The Young Hegelians

Had you been alive in the early-to-mid 1800s as a student of philosophy, theology, or religion in continental Europe, chances are pretty good that your studies would have been in some way influenced or otherwise affected by the Prussian thinker Georg Wilhelm Friedrich Hegel. Hegel's ubiquitous influence upon continental thought was due largely to his series of complex and massive theories for explaining, well, basically everything ever. Because I'm a kind soul, I won't even begin to try to describe Hegel's systems of thought because most of them are irrelevant to the issue at hand. The most important concept of Hegel's in this context is his dialectical view of the world.

Although Hegel himself never used this terminology, the basic dialectical premise goes like this:

  1. Thesis - There is an idea. It is followed by...
  2. Antithesis - An opposing idea with which it comes into conflict based on inherent theoretical differences. The result of the conflict is...
  3. Synthesis - A practical conclusion that might incorporate aspects of both the thesis and the antithesis in its application or that might only be one or the other or that might be something superior to both of them.

(All of this, of course, is simplification. The Hegelian dialectic is more nuanced than this, but for the purposes of a general discussion, this should be a sufficient primer for those unfamiliar with it.)

People have always accused Hegel of having a socially chauvinistic worldview and that is honestly not an entirely unfair characterization. Hegel applied his dialectic to the entirety of human history and developed an idea that viewed prior cultures and peoples as mere precursors to the grandest and most perfect form of civilization that could be conceived: post-Napoleonic Prussia. In his Philosophy of History, Hegel condescendingly discusses those who came before him as not being aware of their true historical function, i.e., to pave the way for his Prussia. It's easy to understand the appeal of this notion, so it should be no surprise to hear that after Hegel's death in 1831, his theories on what he perceived as the inherently advanced nature of the Prussian state did not diminish in popularity among his colleagues and students. The group that affirmed this idea of Prussian developmental superiority and its role as the ultimate historical ideal is generally referred to as the Old Hegelians or the Right Hegelians.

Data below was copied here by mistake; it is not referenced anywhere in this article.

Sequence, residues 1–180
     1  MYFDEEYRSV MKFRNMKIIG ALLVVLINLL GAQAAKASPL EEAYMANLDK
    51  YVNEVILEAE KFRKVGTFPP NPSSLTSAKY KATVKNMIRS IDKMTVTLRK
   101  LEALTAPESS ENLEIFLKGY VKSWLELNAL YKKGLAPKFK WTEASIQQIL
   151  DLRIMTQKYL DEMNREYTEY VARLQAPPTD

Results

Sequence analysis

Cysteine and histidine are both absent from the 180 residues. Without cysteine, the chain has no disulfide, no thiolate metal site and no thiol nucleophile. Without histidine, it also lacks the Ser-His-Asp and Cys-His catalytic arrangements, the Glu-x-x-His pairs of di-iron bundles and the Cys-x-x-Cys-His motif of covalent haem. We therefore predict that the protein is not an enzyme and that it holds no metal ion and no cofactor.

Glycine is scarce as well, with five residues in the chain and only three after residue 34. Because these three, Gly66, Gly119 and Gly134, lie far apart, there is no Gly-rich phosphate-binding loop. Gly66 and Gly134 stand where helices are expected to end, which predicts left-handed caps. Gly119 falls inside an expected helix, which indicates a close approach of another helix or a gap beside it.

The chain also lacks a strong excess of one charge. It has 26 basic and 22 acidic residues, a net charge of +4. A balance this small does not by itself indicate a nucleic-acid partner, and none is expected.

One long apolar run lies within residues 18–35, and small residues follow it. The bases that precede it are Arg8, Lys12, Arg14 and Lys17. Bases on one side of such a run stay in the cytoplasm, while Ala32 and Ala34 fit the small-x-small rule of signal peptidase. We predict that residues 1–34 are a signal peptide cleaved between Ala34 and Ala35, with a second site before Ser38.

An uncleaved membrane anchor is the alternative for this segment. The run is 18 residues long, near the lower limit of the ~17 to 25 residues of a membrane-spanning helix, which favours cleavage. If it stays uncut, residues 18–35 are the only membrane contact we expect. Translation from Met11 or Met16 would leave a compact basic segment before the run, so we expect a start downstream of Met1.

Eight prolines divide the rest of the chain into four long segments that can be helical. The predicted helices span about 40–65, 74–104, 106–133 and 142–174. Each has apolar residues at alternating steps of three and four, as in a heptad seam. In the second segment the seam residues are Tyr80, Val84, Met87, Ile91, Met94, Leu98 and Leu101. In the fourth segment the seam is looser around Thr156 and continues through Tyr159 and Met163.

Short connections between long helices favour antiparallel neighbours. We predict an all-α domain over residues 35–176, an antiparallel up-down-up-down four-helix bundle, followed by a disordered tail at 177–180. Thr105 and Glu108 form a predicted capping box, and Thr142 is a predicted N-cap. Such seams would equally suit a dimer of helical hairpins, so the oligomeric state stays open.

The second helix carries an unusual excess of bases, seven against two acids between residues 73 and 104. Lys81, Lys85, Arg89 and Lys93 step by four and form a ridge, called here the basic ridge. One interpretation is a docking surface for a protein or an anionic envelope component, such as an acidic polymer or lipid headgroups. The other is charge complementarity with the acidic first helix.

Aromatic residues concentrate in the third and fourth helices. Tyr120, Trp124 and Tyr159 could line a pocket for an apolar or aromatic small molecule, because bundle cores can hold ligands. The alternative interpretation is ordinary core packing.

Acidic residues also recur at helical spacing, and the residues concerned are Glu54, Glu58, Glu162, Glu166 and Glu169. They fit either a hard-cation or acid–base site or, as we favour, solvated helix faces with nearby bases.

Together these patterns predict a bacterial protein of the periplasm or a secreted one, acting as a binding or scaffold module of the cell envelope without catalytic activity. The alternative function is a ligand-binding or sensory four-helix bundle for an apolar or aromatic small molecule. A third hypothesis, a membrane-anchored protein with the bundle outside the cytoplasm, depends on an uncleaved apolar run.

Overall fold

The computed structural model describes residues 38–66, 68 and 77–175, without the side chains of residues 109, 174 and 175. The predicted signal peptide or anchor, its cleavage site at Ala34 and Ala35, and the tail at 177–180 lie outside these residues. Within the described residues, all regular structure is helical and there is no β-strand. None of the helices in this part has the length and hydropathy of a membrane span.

The Right Hegelians were the influential movers and shakers of Prussian intellectual society at the time. For lack of a better word, the Right Hegelians were the ever-present and completely ominous Establishment. They held important positions at the major universities as well as within the government. To them, contemporary Prussia was the obvious choice for a truly advanced society. And why not? It was wealthy, it was well-educated, it was modernized, it was technologically advanced, it was militarily powerful, and so on. Perhaps somewhat ironically, an upstart group of thinkers known as the Young (or Left) Hegelians would appear to challenge the Right Hegelians in a very antithetical sense.

The main difference between the Right Hegelians and the Young Hegelians was the fact that while the former accepted Hegel's conclusions about the superiority of Prussian society, the latter did not. In fact, the Young Hegelians disagreed with many of Hegel's conclusions, but they found his dialectical approach to phenomenological explanation to be incredibly useful. It was their contention that Prussia was not, as the Right Hegelians claimed, the be-all and end-all of historical development. They found many flaws in Prussian society and declared that historical progress was far from over. They claimed that the cause of Prussia's problems was nothing less than its over-bearing Lutheranism and they set out at once to demolish the whole idea of Christianity because of the impediment it represented to "progress."